BARE BONES: GETAWAY (2020)

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GETAWAY (2020)

Film student Tabitha (Abigail Haggerty) is making a slasher movie for her thesis project. Fellow student Maddie (Emma Norville) gets a part in it. They even plan to shoot their movie at a summer camp. Unknown to the cast and crew of this amateur production, however, there is a real killer stalking them and filming his kills for his own fiendish film project.

Low budget horror is written and directed by Blayne Weaver, who also has a long resume as an actor. It has it’s heart in the right place, though not an overly successful effort. GetAWAY respectfully follows the classic slasher film tropes, like the crazy person (Kristen Trump) warning our filmmakers about impending doom and the cantankerous caretaker (Hank Stone) as an all too obvious suspect. The acting is amateurish, but somehow works in the context of making this bunch of wannabes seem more like real students trying to make a movie. Norville does make a decent enough final girl, too, as Maddie and she’s likable. There is little suspense or scares, the kills are simple but bloody and unfortunately, our killer lacks a really strong personality to give him more impact. Just a mask doesn’t an effective killer make. His identity reveal is also kinda ho-hum, though a much bigger reveal a bit later works very well, as does the flick’s finale. In conclusion, it’s not a terrible movie, certainly not unwatchable, just kind of routine and forgettable, even if well intended. Also stars Danielle Carrozza as cast member Kayla.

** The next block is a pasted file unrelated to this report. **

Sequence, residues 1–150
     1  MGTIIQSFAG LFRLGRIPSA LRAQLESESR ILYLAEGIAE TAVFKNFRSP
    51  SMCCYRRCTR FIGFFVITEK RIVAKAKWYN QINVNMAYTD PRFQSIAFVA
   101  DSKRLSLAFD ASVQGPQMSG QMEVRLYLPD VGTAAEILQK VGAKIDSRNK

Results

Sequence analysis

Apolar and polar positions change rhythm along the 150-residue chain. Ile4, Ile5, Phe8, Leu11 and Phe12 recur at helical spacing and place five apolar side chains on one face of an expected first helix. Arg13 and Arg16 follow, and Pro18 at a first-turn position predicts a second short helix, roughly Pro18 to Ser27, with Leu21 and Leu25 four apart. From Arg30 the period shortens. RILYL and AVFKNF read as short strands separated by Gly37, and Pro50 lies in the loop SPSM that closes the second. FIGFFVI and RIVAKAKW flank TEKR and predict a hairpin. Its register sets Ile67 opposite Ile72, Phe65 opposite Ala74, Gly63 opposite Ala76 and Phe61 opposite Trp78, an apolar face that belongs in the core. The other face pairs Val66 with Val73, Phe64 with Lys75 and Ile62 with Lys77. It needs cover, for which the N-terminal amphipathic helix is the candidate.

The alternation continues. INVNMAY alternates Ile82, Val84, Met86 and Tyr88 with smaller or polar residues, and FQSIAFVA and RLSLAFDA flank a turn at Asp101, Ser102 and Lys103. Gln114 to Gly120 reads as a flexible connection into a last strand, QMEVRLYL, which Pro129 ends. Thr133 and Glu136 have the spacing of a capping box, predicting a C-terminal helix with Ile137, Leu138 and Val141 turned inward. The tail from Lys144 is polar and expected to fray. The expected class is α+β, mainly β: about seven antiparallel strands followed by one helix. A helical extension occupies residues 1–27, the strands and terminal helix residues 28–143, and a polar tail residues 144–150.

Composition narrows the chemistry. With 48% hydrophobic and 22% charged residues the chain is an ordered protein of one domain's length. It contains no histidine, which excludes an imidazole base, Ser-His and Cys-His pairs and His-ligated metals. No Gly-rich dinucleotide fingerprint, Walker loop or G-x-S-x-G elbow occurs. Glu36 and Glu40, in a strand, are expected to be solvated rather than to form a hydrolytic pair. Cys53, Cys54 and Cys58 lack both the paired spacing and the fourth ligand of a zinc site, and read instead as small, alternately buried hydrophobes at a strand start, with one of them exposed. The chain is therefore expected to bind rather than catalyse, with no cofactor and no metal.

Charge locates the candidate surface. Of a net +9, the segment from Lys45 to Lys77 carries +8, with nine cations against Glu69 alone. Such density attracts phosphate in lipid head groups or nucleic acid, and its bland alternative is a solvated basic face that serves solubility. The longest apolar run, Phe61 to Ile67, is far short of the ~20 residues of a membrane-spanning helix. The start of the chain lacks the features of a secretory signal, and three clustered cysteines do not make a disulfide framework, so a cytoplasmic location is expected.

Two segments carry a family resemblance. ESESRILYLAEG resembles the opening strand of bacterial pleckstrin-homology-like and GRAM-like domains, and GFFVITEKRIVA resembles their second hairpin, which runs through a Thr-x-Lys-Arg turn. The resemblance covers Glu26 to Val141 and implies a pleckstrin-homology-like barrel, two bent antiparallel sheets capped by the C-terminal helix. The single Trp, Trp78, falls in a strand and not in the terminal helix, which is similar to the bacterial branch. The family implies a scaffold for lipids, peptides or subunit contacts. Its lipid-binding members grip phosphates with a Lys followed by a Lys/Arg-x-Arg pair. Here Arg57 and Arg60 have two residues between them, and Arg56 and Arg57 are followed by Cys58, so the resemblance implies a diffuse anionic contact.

-MonsterZero NJ

2 and 1-2 star rating

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HORROR YOU MIGHT HAVE MISSED: RANDOM ACTS OF VIOLENCE (2019)

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RANDOM ACTS OF VIOLENCE (2019)